To this CHW counters that there are ways to make flashier, cooler, and more “attack minded” saves. Rather than just making plain saves. He doesn’t intentionally do this at all times, but sometimes the opportunities arise, as Kim Young Kwon commented after 2018 that the shots from German players came at CHW such that it made his saves look incredibly acrobatic. He wants to spread enthusiasm for the position across the country.
And LCS, like a proud father speaking to his son, says that these are incredible ideas and that he would like to see CHW make lasting changes on the Korean goalkeeping scene.
There also seems to have been a transfer saga between LCS and CHW where LCS, working for Incheon United at the time, tried to sign CHW after 2018 and make him the club’s highest paid player. CHW was flattered but turned it down respectfully – and when LCS learned about Ulsan’s offer he sent his apologies to CHW for making such a weak offer (LOL). Incheon was also skeptical that a big star like CHW would come to Incheon, but had plans to let him go as soon as an offer from Europe came in. Unlike Daegu FC…
LCS then laments that a citizen’s public club cannot compete with a chaebol-funded one. This made me think that perhaps it’s no surprise at all that teams like Jeonbuk, Ulsan (Hyundai), and Pohang (POSCO) are at the top of the K League table.
Other interesting tibits:
CHW has made the K League best 11 six years in a row. This speaks to how much he’s dominated the K League GK scene.
Re: not playing in Qatar. He has no regrets because he tried his best.
Re: the DF line against Ghana. There was some controversy on Ghana’s first goal where the defensive line was too low. This makes it hard for the GK to come out and take care of the ball because they would just run into their own defenders. This was actually a choice decided on by the players themselves. They tried it out in training and felt that it was better than keeping the defensive line higher. But they only had one week to prepare for this, and CHW wonders if they could’ve prevented the goal with more preparation.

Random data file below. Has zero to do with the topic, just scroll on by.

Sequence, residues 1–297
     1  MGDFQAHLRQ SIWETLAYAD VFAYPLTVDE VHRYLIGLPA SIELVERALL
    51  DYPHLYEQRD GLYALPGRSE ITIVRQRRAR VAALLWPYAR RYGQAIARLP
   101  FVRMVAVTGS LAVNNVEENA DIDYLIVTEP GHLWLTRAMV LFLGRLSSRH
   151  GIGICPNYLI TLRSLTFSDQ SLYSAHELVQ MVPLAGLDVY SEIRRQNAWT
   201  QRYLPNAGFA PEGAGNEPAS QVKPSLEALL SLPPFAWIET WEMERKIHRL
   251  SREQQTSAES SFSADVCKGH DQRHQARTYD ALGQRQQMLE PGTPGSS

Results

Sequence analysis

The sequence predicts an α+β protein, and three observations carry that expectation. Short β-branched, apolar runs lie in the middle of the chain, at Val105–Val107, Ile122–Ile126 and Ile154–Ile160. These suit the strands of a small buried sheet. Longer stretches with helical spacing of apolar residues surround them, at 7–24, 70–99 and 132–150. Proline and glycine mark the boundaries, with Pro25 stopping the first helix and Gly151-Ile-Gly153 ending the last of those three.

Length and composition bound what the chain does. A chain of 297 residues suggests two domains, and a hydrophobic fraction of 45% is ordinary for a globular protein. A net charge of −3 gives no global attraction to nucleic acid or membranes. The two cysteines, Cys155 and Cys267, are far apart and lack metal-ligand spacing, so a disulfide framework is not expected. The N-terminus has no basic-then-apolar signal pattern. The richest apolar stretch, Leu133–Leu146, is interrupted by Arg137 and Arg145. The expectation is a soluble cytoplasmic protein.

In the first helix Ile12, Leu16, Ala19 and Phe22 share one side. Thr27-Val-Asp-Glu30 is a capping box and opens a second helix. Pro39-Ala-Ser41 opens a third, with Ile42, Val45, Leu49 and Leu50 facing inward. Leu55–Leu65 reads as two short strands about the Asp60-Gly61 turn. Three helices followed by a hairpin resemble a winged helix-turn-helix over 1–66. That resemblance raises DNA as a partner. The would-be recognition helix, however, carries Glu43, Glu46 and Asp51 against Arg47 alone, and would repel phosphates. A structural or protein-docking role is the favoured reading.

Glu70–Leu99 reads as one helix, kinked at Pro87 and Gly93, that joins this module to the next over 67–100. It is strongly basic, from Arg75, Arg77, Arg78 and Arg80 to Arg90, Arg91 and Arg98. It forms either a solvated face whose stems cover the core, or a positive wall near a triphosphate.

Re: the game against Germany. Kim Jin Hyeon told CHW that he better wear a hat and a mask when he gets back to Korea. At first he didn’t but as soon as he hopped on the KTX home from the Incheon airport he realized that he probably should have, as the passengers and everyone at the station went wild. The conductor of the train even came up to him scolding him for not letting them know that he was coming because he did they would’ve made preparations. All along the way he got fans mobbing him.
At this rate it may be too late for CHW to move to Europe. Not because of his age but because the hype around him has calmed down even though I think he’s every bit as good as he was compared to 2018 and arguably a better GK than Kim Seung Gyu. But we do have a GK who just signed for Fenerbahce’s academy from Jeonbuk – maybe he will be our first GK playing for a major European league?
Just another example showing the mountain Korea has to climb to become a major contender in the world football stage. What can KFA do to circumvent having to depend on Europe to develop Korean talent into competitive players?
I will never understand how people as crazy about the World Cup as Koreans are still have the general mentality of “I don’t want to invest in my kids playing goalkeeper because they don’t score goals”